It’s a relatively common sight on popular long-distance trails: an unfit, ill-prepared hiker huffing and puffing uphill, moving slowly and gingerly, red in the face with an utterly exhausted look in their eyes. Buckling under the weight of a heavy backpack, and wincing with blister pain at every step, they’re dangerously close to throwing in the towel and going home for a takeaway pizza and Netflix. Insufficient cardio-vascular fitness, muscle strength and trail know-how have sadly ruined their adventure dreams. They’ll never make it to the finish line and never experience that epic sense of achievement you get from completing a long-distance trail.
You don’t want to be this person. The good news, however, is that you don’t have to be a total fitness freak or health hero to cope well with the rigours of long-distance walking. After all, this isn’t 100-mile-a day ultra-running or anything similarly hardcore that requires a huge investment of time, commitment and determination. Instead, long-distance walking is well within the reach of an averagely fit person – in fact, if you’re here because you’re thinking of getting into it, we’d recommend setting your sights on the HIGHLANDER hiking event going in the Lake District this summer.
An ideal beginner’s hike, with HIGHLANDER you can sign up for one of three difficulty levels, all of which guide you through the beautiful fells of the Lake District and to be ready for this event, all you need to do is follow an achievable training regime.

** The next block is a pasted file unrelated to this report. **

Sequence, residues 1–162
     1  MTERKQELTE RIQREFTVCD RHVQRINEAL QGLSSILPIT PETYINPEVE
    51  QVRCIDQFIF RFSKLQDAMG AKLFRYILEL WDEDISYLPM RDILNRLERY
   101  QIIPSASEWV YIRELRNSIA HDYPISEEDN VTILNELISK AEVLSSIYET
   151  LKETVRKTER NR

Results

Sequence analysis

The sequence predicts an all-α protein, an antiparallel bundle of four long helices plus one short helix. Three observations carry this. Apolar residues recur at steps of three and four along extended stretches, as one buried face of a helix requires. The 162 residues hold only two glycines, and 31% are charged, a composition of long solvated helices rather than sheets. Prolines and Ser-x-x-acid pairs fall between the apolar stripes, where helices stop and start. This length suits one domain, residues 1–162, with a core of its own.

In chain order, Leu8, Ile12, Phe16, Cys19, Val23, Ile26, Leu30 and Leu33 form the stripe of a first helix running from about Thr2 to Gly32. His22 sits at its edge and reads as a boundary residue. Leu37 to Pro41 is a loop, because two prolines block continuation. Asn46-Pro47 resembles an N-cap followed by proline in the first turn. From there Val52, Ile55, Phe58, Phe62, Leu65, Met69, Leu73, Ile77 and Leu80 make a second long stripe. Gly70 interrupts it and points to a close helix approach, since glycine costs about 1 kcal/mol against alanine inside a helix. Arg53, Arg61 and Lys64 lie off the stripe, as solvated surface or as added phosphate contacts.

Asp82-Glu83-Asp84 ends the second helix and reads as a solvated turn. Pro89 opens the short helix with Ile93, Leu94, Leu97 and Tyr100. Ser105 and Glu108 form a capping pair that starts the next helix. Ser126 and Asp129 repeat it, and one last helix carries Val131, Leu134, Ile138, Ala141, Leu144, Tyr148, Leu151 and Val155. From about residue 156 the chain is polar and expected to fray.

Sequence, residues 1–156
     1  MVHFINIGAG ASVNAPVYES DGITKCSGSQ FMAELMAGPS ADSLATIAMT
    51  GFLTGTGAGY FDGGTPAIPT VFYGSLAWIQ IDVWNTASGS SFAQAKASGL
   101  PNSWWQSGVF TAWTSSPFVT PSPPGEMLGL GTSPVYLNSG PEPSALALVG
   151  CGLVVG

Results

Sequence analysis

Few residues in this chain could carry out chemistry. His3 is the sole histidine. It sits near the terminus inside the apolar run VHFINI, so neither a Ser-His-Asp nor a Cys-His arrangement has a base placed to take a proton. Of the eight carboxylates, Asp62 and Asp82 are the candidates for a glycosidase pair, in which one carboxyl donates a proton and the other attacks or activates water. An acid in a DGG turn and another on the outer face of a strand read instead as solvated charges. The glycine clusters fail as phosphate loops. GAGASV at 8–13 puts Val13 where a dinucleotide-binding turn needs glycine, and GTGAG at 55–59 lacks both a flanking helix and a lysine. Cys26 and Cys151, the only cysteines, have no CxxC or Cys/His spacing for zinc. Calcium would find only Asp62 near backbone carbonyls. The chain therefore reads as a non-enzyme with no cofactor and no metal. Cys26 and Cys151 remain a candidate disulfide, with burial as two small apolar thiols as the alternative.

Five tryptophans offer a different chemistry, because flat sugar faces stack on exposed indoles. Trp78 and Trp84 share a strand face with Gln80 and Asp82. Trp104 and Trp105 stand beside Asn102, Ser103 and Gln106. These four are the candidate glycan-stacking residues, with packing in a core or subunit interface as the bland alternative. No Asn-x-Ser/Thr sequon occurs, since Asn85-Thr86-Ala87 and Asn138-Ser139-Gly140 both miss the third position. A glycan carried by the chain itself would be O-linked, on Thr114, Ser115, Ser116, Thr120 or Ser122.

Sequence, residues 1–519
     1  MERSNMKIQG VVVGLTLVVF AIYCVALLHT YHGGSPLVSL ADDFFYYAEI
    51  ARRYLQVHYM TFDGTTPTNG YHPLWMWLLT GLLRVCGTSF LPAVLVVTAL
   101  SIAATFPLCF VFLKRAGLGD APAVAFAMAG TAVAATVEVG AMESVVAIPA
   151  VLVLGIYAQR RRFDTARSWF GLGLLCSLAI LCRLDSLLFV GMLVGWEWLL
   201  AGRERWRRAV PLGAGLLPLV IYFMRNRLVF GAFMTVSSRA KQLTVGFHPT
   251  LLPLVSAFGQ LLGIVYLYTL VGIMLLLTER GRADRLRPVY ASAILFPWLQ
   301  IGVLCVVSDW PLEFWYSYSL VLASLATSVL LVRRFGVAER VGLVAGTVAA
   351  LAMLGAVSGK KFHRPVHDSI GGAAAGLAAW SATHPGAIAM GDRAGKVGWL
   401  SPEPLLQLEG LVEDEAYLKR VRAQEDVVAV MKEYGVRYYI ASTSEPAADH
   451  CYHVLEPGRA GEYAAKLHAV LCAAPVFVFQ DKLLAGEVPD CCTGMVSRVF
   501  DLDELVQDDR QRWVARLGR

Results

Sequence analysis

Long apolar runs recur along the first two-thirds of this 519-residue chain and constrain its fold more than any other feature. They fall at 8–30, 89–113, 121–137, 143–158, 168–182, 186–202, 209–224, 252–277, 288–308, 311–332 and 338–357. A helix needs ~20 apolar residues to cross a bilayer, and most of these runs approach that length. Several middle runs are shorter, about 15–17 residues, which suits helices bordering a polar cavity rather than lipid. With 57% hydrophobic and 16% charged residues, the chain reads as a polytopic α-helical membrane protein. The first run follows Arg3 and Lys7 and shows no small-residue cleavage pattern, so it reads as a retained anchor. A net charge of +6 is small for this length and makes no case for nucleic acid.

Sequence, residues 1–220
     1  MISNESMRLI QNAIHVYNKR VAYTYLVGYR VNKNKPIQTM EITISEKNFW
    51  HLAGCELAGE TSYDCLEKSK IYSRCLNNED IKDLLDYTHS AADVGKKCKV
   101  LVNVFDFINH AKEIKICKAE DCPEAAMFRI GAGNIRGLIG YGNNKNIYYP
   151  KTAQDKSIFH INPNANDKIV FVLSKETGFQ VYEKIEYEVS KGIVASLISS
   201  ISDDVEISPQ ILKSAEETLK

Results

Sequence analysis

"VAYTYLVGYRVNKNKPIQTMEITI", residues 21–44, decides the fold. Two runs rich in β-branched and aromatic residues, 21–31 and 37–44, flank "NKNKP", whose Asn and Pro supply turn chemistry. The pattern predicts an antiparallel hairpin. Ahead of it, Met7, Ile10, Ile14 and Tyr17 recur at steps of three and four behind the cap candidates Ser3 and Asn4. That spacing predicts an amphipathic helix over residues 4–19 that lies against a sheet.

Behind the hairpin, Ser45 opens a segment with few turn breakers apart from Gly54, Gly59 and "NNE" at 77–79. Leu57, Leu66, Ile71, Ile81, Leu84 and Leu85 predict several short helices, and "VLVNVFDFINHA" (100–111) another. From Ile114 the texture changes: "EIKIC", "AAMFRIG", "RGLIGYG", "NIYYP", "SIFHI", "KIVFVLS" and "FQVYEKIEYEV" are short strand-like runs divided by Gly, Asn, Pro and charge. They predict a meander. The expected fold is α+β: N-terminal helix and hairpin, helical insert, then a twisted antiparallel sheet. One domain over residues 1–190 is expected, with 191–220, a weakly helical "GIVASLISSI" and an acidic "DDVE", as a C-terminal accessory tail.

To help you along the way, here’s our comprehensive how-to guide, featuring bucket loads of tips, tricks and advice to ensure you’re physically ready for the trail ahead.
When Should I Start Training?
It’s good to give yourself a long lead-in. Try to start training about three months prior to your trail adventure. This will ensure there’s ample time to slowly build up your stamina and strength, usually by incrementally increasing the distance, ascent and intensity of your hikes week-by-week.
What Type of Activities Should I Do?
Of course, any form of exercise will increase your general health and fitness. Everyday exercise – anything from cycling to the office or working out in the gym to playing team sports or going for a jog – will be a big help and improve your base-level of fitness. Often this type of exercise is easier for people to integrate into their daily lives around work and family commitments.
But, in truth, the best way to train for a long-distance walk is (yes, you guessed it!) simply to go for lots of long walks. You will build strength in the relevant muscles, and increase your stamina and endurance. Whether you’re simply hiking around your local city or town, or heading to the UK’s national parks for a ‘proper’ countryside ramble, by walking you’ll be training in the most effective and relevant way possible.